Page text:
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In Graft Case, Another Cambodian-Born Servicemen Faces US Courts


U.S. navy officer Michael "Vannak Khem" Misiewicz becomes emotional as he embraces his aunt Samrith Sokha, 72, at Cambodian coastal international sea port of Sihanoukville, file photo.

U.S. navy officer Michael "Vannak Khem" Misiewicz becomes emotional as he embraces his aunt Samrith Sokha, 72, at Cambodian coastal international sea port of Sihanoukville, file photo.

WASHINGTON DC - A Cambodian-born US naval commander is facing criminal charges for passing key information to a Malaysian defense contractor, in an ongoing scandal that has put US defense officials on edge.

Michael Vannak Khem Misiewicz is facing federal charges in a San Diego court, making him the second Cambodian-born serviceman to face courts over military misconduct in recent years.

The second, Seivirak Inson, as US military intelligence officer, is serving time in prison for allegedly selling US secrets to the Cambodian military.

Cambodian-Americans in the US say such charges, and the media attention they garner, are regretful, but they do hold lessons about the US and its approach to bribery and scandals, even for high-ranking military personnel.

“An individual, whether Cambodian-American or other national, they will be punished if they violate the law,” said Schanley Kuch, an independent political analyst who lives in Maryland, told VOA Khmer.

Misiewicz is accused of passing confidential information on ship routes to a Singaporean company, where they were subject to inflated costs and other graft schemes, in exchange for gifts and favors.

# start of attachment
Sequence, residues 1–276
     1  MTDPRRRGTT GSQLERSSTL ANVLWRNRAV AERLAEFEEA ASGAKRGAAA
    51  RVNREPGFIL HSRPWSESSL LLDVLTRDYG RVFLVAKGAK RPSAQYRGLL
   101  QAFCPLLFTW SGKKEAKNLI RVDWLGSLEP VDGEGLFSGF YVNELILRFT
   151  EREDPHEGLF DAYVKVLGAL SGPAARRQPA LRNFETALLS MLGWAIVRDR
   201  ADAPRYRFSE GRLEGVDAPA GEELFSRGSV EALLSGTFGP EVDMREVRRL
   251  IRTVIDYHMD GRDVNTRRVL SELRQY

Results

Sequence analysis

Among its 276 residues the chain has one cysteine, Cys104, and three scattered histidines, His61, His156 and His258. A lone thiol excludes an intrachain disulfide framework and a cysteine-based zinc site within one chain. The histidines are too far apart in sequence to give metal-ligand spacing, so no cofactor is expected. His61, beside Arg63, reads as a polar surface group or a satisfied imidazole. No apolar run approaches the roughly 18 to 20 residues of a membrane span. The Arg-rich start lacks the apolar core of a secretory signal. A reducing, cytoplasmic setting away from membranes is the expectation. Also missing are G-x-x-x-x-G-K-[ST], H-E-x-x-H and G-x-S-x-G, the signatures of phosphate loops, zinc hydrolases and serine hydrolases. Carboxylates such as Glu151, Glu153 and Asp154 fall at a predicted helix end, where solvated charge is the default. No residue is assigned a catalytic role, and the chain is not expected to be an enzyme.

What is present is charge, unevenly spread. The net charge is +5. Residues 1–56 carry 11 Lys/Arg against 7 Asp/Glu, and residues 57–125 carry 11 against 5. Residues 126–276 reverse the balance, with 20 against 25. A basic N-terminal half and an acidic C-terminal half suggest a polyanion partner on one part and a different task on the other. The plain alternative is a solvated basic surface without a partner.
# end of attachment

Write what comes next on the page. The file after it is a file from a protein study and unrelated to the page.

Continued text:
Declining to comment on this case specifically, Samuel Locklear, a US naval commander for the Pacific Command, told VOA Khmer such cases are troubling in general and must be closely examined.

“The aspects of counterintelligence are, in a military organization, are always troubling and always have to be assessed as they occur,” he said. “In all of our countries, we all work very hard to ensure that the impacts of these types of things are limited.”

Seivirak Inson, meanwhile, is serving 10 years in prison for allegedly selling secrets to Cambodia.

“After he finishes his time in prison, he will be dismissed from the Army,” Jeffrey Pool, a military spokesman at the Office of the Secretary of Defense, said.

Cambodian Defense Minister Tea Banh denied having US documents. “I do not have it,” he said. “I don’t know about this information.”

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